About the Mindfulness Meditation Podcast
The Rubin Museum of Art presents a weekly meditation session led by a prominent meditation teacher from the New York area, with each session focusing on a specific work of art. This podcast is recorded in front of a live audience, and includes an opening talk, a 20-minute sitting session, and a closing discussion. The guided meditation begins at 15:04.
If you would like to attend Mindfulness Meditation sessions in person or learn more, please visit our website at RubinMuseum.org/meditation.
Following the devastating earthquake that struck Nepal on April 25, 2015, Tsherin Sherpa returned to his home city of Kathmandu and created Wish-fulfilling Tree (2016). He worked with local craftsmen to create a seven-layer bronze mandala, an idealized representation of the cosmic universe. Both a memorial to the destruction wrought by the earthquake and a wish for the future, the mandala is surrounded by rubble, debris, and found objects, representing the types of household goods destroyed during the natural disaster and creating a relationship between cosmic aspiration and earthly reality.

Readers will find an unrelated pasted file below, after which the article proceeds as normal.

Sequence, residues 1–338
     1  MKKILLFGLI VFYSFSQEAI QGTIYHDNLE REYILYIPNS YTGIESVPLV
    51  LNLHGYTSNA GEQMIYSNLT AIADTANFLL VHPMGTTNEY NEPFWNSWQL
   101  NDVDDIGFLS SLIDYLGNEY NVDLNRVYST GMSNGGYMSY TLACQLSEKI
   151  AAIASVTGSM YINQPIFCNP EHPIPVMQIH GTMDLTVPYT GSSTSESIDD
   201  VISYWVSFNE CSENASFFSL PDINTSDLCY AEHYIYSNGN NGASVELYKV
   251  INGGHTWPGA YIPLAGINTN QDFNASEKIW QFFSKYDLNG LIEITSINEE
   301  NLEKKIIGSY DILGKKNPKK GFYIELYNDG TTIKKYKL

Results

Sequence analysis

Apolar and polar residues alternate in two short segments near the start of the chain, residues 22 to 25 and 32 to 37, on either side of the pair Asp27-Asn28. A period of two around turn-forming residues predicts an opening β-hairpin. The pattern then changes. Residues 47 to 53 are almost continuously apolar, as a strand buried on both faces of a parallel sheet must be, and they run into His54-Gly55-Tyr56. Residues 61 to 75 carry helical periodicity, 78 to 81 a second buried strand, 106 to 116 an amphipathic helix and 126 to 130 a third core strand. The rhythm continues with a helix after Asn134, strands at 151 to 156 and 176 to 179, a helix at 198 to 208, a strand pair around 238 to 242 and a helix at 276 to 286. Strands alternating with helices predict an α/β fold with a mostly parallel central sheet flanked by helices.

The notion of a wish-fulfilling tree is found across Hinduism, Buddhism, and Jainism to satisfy worldly and celestial aspirations. In Sherpa’s installation it references the Nepalese’s practical hope for economic compensation post-earthquake, symbolized in an earlier iteration of this work with signed rupee notes on the mandala. The rubble, debris, and found objects were all sourced from within five blocks of the Rubin Museum, creating a local connection that also speaks to the universality of the work’s intentions.
About the Speaker
Tracy Cochran is editorial director of Parabola, a quarterly magazine that for forty years has drawn on the world’s cultural and wisdom traditions to explore the questions that all humans share. She has been a student of meditation and spiritual practices for decades and teaches mindfulness meditation and mindful writing at New York Insight Meditation Center and throughout the greater New York area. In addition to Parabola, her writing has appeared in The New York Times, Psychology Today, O Magazine, New York Magazine, the Boston Review, and many other publications and anthologies. For more information please visit tracycochran.org.